ROREM: Ned Rorem Centennial
At door: $25/$20
In advance: $20/$15
Discount: students, seniors, un(der)employed, differently-abled
Ned Rorem — Five Armenian Love Songs
Ned Rorem — Four Madrigals
Ned Rorem — From an unknown past
Ned Rorem — I feel death...
Ned Rorem — In time of pestilence
Ned Rorem — Ode to man
Ned Rorem — Pilgrim strangers
Ned Rorem — Three Poems of Baudelaire
Ned Rorem — Two Shakespeare Poems
Ned Rorem — Virelai
Ned Rorem — What is pink?
In the modern era, if there were a single American composer who represented the triumph of intuitive lyricism over systemic dogma, it would be Ned Rorem. Rorem, who died last November at age 99, never aligned himself with any particular composition school, and preferred to write music that he "wanted to hear." His published work includes over 500 art songs, candid diaries detailing his life and relationships in Paris and New York, and of course: choral music.
Born in Richmond, Indiana, Rorem developed a strong interest in French music - espeically that of Debussy and Ravel. He attended the American Conservatory, Northwestern, the Curtis Institute, Juilliard, and Tanglewood, where he studied with Sowerby, Menotti, and Wagenaar, and developed lifelong friendships with Aaron Copland, Leonard Bernstein, and Virgil Thomson.
With money from the Gershwin Prize, Rorem left the US in early 1949, and was hugely productive in Morocco, where he produced a variety of compositions in rapid succession. He later explained: "The best influence for a composer is four walls. The light must come from inside. When it comes from outside, the result is postcard music." After two years in Morocco, Rorem moved to France on a Fulbright Fellowship to study with Arthur Honegger, where he frequented meetings of the neoclassicist group, Les Six, and befriended Francis Poulenc and Darius Milhaud.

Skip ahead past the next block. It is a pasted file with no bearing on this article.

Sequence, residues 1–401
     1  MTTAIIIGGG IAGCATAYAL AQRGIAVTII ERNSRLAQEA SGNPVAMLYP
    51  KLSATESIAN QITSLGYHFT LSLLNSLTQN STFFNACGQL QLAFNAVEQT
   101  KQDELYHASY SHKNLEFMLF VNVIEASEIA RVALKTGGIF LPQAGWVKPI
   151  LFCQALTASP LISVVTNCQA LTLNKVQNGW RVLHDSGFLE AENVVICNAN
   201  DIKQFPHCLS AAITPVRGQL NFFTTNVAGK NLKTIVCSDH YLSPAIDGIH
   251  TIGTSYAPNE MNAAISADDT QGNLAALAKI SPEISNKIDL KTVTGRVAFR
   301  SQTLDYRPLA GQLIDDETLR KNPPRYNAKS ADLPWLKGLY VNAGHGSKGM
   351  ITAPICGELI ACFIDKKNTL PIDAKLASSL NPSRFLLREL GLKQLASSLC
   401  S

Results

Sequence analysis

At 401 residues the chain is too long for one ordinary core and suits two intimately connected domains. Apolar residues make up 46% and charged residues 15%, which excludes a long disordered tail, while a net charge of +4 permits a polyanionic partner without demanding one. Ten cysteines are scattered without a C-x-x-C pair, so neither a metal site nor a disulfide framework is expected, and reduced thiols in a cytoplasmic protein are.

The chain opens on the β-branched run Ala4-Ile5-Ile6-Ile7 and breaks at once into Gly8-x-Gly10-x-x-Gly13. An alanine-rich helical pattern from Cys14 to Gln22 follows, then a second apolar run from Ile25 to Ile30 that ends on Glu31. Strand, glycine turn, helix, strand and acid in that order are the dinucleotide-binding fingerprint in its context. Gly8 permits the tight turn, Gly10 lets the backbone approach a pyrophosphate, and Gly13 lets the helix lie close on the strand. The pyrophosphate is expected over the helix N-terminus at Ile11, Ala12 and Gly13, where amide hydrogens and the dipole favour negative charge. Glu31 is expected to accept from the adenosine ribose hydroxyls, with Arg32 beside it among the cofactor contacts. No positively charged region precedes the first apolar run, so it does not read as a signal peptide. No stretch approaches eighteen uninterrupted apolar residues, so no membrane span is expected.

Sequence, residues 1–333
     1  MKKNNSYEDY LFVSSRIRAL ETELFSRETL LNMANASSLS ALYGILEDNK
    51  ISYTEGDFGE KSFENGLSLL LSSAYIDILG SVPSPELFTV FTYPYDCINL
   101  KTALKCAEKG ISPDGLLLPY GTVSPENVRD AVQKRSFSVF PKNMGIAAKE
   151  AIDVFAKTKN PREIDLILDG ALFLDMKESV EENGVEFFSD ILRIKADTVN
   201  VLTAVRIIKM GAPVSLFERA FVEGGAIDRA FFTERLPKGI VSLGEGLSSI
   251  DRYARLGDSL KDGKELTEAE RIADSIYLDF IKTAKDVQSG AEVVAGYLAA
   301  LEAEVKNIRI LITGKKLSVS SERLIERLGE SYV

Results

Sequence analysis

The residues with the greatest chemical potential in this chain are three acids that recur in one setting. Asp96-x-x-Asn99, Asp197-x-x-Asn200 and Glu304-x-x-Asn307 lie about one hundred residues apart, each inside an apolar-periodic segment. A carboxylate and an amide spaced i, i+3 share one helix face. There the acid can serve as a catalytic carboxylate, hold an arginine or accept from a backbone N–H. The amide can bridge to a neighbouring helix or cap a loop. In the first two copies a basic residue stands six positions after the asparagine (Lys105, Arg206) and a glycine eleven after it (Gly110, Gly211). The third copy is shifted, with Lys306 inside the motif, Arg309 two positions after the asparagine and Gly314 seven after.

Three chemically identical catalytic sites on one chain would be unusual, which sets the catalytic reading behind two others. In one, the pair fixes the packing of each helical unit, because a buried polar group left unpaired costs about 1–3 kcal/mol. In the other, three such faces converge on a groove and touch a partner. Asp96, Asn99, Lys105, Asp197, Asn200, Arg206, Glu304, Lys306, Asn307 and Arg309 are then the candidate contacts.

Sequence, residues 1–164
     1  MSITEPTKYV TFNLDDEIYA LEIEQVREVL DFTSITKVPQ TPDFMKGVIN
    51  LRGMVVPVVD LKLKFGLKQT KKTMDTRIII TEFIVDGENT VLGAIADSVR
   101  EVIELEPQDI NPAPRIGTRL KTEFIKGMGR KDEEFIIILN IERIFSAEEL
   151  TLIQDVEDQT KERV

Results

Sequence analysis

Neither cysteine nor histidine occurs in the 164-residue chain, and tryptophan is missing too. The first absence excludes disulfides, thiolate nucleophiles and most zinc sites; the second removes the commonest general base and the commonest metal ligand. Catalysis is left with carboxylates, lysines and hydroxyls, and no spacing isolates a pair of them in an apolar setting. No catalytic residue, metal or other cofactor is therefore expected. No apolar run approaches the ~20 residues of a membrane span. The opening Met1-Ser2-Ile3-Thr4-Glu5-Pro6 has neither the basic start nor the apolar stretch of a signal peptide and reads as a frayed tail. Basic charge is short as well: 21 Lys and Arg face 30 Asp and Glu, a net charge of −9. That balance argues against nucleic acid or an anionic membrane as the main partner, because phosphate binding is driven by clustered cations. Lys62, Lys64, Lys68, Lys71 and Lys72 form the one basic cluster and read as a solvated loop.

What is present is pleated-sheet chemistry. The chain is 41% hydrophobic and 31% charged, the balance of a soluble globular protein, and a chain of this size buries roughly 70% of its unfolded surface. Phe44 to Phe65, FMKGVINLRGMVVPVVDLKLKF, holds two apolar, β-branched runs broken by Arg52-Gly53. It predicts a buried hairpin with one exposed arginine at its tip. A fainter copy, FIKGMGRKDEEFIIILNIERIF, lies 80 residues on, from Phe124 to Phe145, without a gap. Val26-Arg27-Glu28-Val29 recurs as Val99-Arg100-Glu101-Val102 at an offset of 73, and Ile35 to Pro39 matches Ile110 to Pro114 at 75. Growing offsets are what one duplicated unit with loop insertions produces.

Upon his return to the US, Rorem received commissions from the Philadelphia Orchestra, the New York Philharmonic, the Cincinnati Orchestra, New York City Opera, the Elizabeth Sprague Coolidge, Ford, and Koussevitzky Foundations. His Air music: Ten etudes for orchestra won a Pulitzer Prize in 1976. Rorem taught briefly at both the University of Buffalo and the University of Utah before accepting a teaching post at his alma mater, Curtis, in 1980. His String Symphony won a Grammy in 1989, and he served as President of the American Academy of Arts and Letters from 2000 to 2003. Rorem split his time between New York and Nantucket with his lifelong partner James Holmes, and his last years were spent in the care of his niece, playing piano, doing crossword puzzles, and walking through Central Park. Rorem died at home in Manhattan on 18 November 2022, at age 99.
The Esoterics will mark the weekend of Rorem's 100th birthday by performing all of his secular pieces for a cappella mixed chorus … and maybe a few others! Please join us for this fantastic concert in celebration of an extraordinary artist.